Just a few of my favorite, off-beat, little-known love songs for Valentine's Day.
This first is one of the more charming love songs, from the 1951 musical A Tree Grows in Brooklyn. It's performed by Shirley Booth, who won an Oscar for the powerful drama, Come Back, Little Sheba (for which she'd also won a Tony Award), but is probably best-known for the 1960s sitcom Hazel, which ran for five seasons. Oddly, her performance in A Tree Grows in Brooklyn is considered one of the reasons for the who's only mediocre, disappointing run of 267 performances. Not because she was no good, but because it was only a supporting role, Aunt Sissy, and she was so wonderful they refocused the show more around her character which imbalanced the story. Here's one of her numbers, "Love is the Reason," written by Dorothy Fields and Arthur Schwartz.
This is one of the funnier love songs. It comes from the 1961 musical Little Me that starred Sid Caesar in a tour-de-force performance, playing around half a dozen roles. For this character, he plays the incredibly wealthy Noble Eggleston telling his love Belle (played by the show's heroine, Virginia Martin) how much "I Love You,", despite their one huge difference, which he explains. The show has a score by Carolyn Leigh and Cy Coleman.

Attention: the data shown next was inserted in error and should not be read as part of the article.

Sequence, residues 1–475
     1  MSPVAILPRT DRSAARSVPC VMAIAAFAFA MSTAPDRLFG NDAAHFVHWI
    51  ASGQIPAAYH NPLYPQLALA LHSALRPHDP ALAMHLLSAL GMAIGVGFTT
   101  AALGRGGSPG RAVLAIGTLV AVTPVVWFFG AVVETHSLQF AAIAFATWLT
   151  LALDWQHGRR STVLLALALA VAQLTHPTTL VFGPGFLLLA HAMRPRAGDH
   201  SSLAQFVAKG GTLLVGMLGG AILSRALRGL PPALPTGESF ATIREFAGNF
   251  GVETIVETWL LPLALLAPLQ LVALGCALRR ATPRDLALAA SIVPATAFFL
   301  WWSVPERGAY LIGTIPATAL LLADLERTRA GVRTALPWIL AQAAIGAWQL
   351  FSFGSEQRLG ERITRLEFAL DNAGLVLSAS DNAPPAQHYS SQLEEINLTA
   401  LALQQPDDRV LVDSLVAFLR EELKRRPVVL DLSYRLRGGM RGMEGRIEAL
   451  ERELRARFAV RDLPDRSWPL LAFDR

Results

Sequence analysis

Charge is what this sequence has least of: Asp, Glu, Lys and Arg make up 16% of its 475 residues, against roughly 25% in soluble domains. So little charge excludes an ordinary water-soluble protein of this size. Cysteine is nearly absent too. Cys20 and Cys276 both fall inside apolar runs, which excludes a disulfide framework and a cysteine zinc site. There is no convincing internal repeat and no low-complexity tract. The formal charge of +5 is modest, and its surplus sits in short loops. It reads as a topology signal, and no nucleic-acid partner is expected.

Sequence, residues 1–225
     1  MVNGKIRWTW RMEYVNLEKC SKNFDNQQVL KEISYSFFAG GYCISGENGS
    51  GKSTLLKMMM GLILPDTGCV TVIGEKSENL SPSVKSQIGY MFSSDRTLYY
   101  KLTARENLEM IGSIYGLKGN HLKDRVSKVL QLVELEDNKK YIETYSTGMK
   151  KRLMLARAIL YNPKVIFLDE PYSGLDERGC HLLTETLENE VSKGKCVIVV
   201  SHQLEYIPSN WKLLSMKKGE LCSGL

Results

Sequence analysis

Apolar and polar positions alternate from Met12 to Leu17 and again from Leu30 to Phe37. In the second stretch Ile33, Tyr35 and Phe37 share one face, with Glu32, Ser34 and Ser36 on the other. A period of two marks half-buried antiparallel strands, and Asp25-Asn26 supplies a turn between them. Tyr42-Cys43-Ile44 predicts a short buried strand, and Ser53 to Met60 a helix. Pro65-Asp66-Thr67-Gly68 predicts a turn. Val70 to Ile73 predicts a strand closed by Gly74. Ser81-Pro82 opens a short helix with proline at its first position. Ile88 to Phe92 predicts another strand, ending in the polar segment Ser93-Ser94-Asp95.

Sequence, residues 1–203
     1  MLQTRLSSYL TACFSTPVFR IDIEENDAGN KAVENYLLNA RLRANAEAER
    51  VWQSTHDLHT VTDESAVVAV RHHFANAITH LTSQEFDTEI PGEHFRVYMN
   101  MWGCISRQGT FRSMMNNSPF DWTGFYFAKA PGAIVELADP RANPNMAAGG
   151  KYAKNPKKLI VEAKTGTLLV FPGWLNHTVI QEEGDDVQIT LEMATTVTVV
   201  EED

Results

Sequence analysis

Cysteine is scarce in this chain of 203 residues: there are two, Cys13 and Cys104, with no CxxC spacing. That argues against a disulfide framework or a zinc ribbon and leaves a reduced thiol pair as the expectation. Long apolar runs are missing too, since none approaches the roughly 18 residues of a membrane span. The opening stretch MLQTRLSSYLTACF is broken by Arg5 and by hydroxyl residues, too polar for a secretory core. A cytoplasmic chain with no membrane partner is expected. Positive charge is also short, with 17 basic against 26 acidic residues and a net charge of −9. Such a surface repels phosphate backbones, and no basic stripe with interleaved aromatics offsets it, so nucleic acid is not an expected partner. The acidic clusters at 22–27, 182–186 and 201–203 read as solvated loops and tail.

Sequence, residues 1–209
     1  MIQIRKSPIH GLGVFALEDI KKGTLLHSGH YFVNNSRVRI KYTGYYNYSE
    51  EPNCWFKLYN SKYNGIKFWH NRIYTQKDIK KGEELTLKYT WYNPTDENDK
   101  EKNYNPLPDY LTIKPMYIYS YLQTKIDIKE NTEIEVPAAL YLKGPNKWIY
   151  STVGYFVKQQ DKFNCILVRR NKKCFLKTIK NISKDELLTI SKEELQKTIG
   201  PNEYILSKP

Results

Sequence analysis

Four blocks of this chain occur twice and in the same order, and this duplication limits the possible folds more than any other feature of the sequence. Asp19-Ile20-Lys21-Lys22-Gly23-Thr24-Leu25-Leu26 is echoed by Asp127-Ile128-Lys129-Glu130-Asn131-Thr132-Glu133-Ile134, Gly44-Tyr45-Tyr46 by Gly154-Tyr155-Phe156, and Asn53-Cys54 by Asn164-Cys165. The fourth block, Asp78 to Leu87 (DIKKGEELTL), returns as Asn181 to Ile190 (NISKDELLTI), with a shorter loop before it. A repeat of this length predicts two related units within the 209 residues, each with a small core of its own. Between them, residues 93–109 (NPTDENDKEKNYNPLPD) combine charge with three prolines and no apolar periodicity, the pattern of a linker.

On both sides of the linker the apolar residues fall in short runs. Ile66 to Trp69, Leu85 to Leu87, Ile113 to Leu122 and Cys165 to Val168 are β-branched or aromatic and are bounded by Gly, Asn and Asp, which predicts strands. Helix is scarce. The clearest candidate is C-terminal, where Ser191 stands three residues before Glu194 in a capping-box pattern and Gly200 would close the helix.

"When Did I Fall in Love" is simply one of the most romantic love songs I've heard, especially from a Broadway musical. It comes from the Tony-winning and Pultizer Prize-winning, Fiorello!, written by Sheldon Harnick and Jerry Bock, a few years before the wrote Fiddler on the Roof. Based on the true story of Fiorello LaGuardia, he was a fairly short, dumpy man who had a somewhat marriage-of-convenience to the beautiful Thea, who likes him and feels a certain affection, but mainly had felt a bit beholden to him him for a significant favor he did on her behalf. But after a few years she suddenly realized how much her initial affection grew. And he heads off to Congress on morning, Thea (played by Ellen Hanley) sings, "When Did I Fall in Love?" (What I love about Harnick's lyrics so much, and this is a fascinating example, is how he takes ordinary, conversational words that could be dialogue, and crafts them to sound so lyrical and poetic. And in this case, so lushly romantic.)
Finally, this is by the great Tom Paxton, and when I saw him perform it in concert he described it as perhaps the only true love song. "Not Tonight, Marie."
Robert J. Elisberg is a political commentator, screenwriter, novelist, tech writer and also some other things that I just tend to keep forgetting.
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